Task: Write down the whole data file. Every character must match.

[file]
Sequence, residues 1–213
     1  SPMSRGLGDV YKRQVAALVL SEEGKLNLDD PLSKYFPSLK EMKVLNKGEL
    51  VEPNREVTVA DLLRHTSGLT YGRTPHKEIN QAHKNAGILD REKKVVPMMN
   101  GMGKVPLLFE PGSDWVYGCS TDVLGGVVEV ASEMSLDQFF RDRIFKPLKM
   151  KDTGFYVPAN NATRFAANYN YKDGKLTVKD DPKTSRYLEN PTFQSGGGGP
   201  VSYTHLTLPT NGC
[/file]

Sequence, residues 1–213
     1  SPMSRGLGDV YKRQVAALVL SEEGKLNLDD PLSKYFPSLK EMKVLNKGEL
    51  VEPNREVTVA DLLRHTSGLT YGRTPHKEIN QAHKNAGILD REKKVVPMMN
   101  GMGKVPLLFE PGSDWVYGCS TDVLGGVVEV ASEMSLDQFF RDRIFKPLKM
   151  KDTGFYVPAN NATRFAANYN YKDGKLTVKD DPKTSRYLEN PTFQSGGGGP
   201  VSYTHLTLPT NGC